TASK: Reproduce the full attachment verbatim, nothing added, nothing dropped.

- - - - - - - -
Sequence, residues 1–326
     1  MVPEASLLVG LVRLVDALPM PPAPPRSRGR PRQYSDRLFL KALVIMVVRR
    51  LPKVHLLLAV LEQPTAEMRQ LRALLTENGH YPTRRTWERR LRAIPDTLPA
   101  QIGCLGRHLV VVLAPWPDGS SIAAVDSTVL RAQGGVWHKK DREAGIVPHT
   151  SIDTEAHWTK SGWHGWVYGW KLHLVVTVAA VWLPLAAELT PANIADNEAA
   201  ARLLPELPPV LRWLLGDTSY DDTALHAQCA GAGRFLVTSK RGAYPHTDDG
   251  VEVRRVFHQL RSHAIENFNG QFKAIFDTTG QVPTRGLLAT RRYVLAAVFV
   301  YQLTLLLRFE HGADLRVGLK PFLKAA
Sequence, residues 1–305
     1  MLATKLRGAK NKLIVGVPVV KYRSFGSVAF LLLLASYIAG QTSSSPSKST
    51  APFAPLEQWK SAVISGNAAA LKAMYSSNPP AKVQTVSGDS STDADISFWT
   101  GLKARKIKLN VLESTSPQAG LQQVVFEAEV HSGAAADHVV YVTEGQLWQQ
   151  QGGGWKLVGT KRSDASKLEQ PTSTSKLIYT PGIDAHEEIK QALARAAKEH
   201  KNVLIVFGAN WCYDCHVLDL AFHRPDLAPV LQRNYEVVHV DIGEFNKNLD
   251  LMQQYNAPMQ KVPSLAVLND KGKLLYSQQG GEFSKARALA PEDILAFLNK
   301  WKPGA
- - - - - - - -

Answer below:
Sequence, residues 1–326
     1  MVPEASLLVG LVRLVDALPM PPAPPRSRGR PRQYSDRLFL KALVIMVVRR
    51  LPKVHLLLAV LEQPTAEMRQ LRALLTENGH YPTRRTWERR LRAIPDTLPA
   101  QIGCLGRHLV VVLAPWPDGS SIAAVDSTVL RAQGGVWHKK DREAGIVPHT
   151  SIDTEAHWTK SGWHGWVYGW KLHLVVTVAA VWLPLAAELT PANIADNEAA
   201  ARLLPELPPV LRWLLGDTSY DDTALHAQCA GAGRFLVTSK RGAYPHTDDG
   251  VEVRRVFHQL RSHAIENFNG QFKAIFDTTG QVPTRGLLAT RRYVLAAVFV
   301  YQLTLLLRFE HGADLRVGLK PFLKAA
Sequence, residues 1–305
     1  MLATKLRGAK NKLIVGVPVV KYRSFGSVAF LLLLASYIAG QTSSSPSKST
    51  APFAPLEQWK SAVISGNAAA LKAMYSSNPP AKVQTVSGDS STDADISFWT
   101  GLKARKIKLN VLESTSPQAG LQQVVFEAEV HSGAAADHVV YVTEGQLWQQ
   151  QGGGWKLVGT KRSDASKLEQ PTSTSKLIYT PGIDAHEEIK QALARAAKEH
   201  KNVLIVFGAN WCYDCHVLDL AFHRPDLAPV LQRNYEVVHV DIGEFNKNLD
   251  LMQQYNAPMQ KVPSLAVLND KGKLLYSQQG GEFSKARALA PEDILAFLNK
   301  WKPGA